As tensions escalate between Iran and the United States over an American drone downed in the Strait of Hormuz, Iranian political and military officials have made statements demonstrating they are not interested in escalating tensions.
The Islamic Revolutionary Guard Corps (IRGC) air force displayed June 21 pieces of the downed US drone it shot down in the Persian Gulf region. Iran claims the drone violated its airspace, but Washington disputes the claim. IRGC air force Cmdr. Amir Ali Hajizadeh walked around the debris displayed on the tables before giving a press conference to Iranian reporters.
Hajizadeh told reporters Iran had also spotted on June 20 a Boeing P-8 Poseidon plane with 35 people onboard along with the downed Global Hawk drone. According to Hajizadeh, “This plane had also violated our airspace and we could have targeted it, but we did not because our goal in shooting down the American drone was to give a warning.” Hajizadeh said that before striking the drone, they had issued a warning 10 minutes in advance. He also said the drone had violated international flight rules.
According to Hajizadeh, the drone took off from Abu Dhabi and passed through the Strait of Hormuz. Hajizadeh asked, “If we had done this across the beaches of Washington, what reaction would they have shown? Would they have allowed us to invade their privacy?”
Amir Ghader Rahimzadeh, deputy commander of Khatam al-Anbia Air Defense Base, also said the United States was given “multiple warnings” before the drone was shot down over Iranian waters, adding that the drone was shot down only after the United States ignored the warnings and violated "international regulations.”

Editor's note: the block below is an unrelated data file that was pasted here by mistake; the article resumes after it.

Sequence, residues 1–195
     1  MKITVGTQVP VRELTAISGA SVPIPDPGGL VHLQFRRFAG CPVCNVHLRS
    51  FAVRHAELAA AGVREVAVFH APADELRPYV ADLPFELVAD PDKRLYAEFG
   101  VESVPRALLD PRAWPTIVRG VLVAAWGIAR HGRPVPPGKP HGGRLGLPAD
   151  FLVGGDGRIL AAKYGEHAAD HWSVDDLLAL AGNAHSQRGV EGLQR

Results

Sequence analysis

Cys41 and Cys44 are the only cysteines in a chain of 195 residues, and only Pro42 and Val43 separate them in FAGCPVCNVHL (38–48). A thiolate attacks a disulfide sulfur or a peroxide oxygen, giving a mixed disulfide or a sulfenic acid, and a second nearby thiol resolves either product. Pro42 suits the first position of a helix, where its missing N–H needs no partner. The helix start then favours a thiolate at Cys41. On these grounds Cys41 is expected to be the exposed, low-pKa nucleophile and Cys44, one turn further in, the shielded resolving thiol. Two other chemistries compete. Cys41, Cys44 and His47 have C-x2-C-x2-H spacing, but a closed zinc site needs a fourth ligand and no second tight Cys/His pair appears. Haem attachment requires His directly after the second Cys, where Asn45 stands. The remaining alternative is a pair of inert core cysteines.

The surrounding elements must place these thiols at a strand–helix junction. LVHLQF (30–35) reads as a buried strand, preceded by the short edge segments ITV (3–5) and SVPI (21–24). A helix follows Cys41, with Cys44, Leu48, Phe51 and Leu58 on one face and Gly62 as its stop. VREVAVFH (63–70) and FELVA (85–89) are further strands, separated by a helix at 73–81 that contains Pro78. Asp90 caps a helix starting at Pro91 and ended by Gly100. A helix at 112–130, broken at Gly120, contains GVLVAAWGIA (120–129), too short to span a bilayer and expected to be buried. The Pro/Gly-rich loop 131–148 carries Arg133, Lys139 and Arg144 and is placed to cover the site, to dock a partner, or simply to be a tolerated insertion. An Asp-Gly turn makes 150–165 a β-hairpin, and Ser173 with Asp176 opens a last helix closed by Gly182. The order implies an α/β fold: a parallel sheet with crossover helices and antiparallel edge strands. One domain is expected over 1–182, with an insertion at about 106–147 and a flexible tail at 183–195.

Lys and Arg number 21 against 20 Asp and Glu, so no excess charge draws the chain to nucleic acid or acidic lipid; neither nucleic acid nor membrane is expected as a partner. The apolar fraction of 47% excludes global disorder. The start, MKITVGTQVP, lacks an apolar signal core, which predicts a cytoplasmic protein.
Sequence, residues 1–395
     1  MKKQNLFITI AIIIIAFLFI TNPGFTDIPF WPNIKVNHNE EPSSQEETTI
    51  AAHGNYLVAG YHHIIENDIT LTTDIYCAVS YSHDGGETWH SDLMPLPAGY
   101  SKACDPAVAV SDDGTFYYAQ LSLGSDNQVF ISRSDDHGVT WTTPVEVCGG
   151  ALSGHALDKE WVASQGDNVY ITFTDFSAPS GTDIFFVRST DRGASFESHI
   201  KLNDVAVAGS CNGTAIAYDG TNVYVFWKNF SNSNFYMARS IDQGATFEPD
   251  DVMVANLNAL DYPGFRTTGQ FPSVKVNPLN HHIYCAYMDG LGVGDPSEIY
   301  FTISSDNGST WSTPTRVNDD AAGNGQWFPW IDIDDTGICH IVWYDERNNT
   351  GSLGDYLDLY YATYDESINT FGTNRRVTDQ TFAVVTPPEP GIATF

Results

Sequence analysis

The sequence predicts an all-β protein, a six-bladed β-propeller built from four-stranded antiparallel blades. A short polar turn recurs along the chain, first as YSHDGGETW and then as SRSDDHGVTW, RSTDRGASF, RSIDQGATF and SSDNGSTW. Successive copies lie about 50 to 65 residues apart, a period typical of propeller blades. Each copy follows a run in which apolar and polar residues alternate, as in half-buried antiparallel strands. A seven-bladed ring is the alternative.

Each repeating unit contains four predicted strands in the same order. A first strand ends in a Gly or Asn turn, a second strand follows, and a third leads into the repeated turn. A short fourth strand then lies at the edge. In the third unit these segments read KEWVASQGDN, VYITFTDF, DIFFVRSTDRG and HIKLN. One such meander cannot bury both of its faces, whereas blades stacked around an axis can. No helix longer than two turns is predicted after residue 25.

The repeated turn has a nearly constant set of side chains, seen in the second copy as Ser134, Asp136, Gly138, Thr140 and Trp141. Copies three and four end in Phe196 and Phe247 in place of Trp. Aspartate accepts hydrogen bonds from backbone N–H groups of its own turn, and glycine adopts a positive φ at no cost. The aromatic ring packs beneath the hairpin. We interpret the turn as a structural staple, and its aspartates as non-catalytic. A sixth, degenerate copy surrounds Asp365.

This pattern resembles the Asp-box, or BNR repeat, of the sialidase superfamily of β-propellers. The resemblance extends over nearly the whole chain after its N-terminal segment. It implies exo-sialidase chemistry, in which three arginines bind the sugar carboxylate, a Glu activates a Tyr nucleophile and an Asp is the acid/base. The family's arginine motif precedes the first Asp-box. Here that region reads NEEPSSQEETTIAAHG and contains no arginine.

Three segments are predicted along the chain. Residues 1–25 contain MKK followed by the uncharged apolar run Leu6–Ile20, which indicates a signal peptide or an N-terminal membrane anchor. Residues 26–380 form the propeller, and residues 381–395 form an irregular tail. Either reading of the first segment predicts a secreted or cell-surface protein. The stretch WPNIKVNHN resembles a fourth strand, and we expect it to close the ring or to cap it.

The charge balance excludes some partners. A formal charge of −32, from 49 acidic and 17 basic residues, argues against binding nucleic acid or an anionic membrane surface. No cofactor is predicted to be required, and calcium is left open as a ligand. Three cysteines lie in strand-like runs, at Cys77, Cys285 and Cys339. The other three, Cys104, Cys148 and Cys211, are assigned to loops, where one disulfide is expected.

Majid Takht Ravanchi, Iran’s representative to the United Nations, also reiterated claims that Iran had issued multiple warnings that the drone was close to Iranian territory before shooting it down. But he said the warnings were ignored, and once it crossed into Iranian territory and since it was a spy plane, he claimed Iran “had no choice but to shoot it down.”
The current conflict between Iran and the United States began over the Donald Trump administration's withdrawal in May 2018 from the Joint Comprehensive Plan of Action, an international agreement between Iran and the five permanent members of the United Nations Security Council. The United States then reimposed international sanctions on Iran. In response, Iran has announced it will reduce their commitments unless Germany, the United Kingdom and France keep the deal alive by securing financial transactions. The United States has also accused Iran of multiple attacks on tankers in the Persian Gulf, which Iran has denied.
Iranian Foreign Minister Mohammad Javad Zarif spoke about Iran’s upcoming nuclear steps in response to the US withdrawal at a press conference in Esfahan. He said Iran would take the “second step” on July 7. On June 17, Iran announced that by June 27 they would surpass the 300-kilogram, low-enriched uranium cap that was agreed upon under the nuclear accord. Iran is waiting for the three European countries to begin implementing INSTEX — the Instrument in Support of Trade Exchanges — to facilitate trade between the nations. The European countries, however, must walk a tightrope of abiding by US sanctions while making sure the deal stays alive by keeping financial transactions with Iran open.